image by Trevor / cdsgraphic
National Epic Media – We propose that Fox News is as close to a national epic poem as we can get in this current era of fragmented culture and alternate viewpoints. According to Bakhtin, the past is the epic’s subject, the national tradition is the epic’s source, and what is epic is the distance between the world of that epic and that of reality. The epic, constrained by those things, cannot be changed by current conditions, and what is current can only be interpreted by the epic, and not the other way around. The position of the epic “is the environment of a man speaking about a past that is to him inaccessible, the reverent point of view of a descendant.” Even the law of the land is reinterpreted on a daily basis–but the national epic is viewed as immutable, and wielded as roughly as if it were so. But how does this happen? Does any nation with a significantly strong sense of self purposefully develop an epic media as some sort of literary ur-ground? Or does that past and national tradition solidify only with enough time gone by, enough tradition built up that the patterned strata of it can be referred to obliquely, and yet be nevertheless as foundational as it is inaccessibly vague? What are the motivations for a constant reference to such an epic media? Clearly, money is a primary. But epics developed before there was such money to be made, and if the form is similar, then oughtn’t the cause be as well?
Modernism – An epoch of art, of architecture, of literature, and less definitional but with no less certain utility, history. What is it about this genre or time period that deserves an “ism” suffix, as if it were less a style, and a belief? It isn’t the only genre to win such notation, and yet, it is a noun, and not an adjective. Such philosophies and ethos often have manifestos, but Modernism is applied only from historical perspective, even if we claim to be part of its age.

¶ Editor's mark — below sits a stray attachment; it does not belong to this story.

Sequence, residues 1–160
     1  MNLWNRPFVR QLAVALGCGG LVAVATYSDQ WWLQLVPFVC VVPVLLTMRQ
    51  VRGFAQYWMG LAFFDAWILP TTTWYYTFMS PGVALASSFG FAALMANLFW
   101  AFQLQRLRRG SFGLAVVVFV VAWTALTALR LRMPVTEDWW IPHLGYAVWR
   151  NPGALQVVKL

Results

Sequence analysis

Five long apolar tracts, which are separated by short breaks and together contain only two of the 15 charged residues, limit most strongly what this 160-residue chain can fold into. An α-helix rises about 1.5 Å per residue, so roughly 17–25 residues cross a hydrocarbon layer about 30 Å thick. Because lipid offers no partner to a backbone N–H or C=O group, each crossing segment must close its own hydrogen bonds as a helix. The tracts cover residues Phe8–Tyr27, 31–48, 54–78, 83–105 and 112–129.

Image copyright by GaryReggae, under CC license
Modern – This is the adjectival version, describing the former period. But it is also a temporal adjective, meaning a certain sort of currentness. Is everything that is current also modern? Is everything that is modern also current? Post-modernism, an epoch with an even more oblique set of reference points than Modernism, somehow debilitates the adjectival effect of “modern”. After all, how modern can it be, if something is known to come after it? If the subject of modernity is in the past, then what does “current” mean?
Punk/Not-Punk – The inflection point in a spectrum between what is attractively, authentically agonistic, and what is not. Punk is a genre of many things, but it most often described by rebellion, against a certain “mainstream”, as it were. There may be money in Punk, there may not be. There is ego in it. It often finds its subject in the past. What is Punk against? Ronald Reagan? Disco? Alternative Rock? Victorian History? How defined must something be in its agonism for it to become a full-fledged expression of Punk? How watered down and mainstreamed must Punk be to become Not-Punk? The violation of cultural norms in the search for the authentic. The institution of norms for the violation of cultural norms. A noun, and an adjective.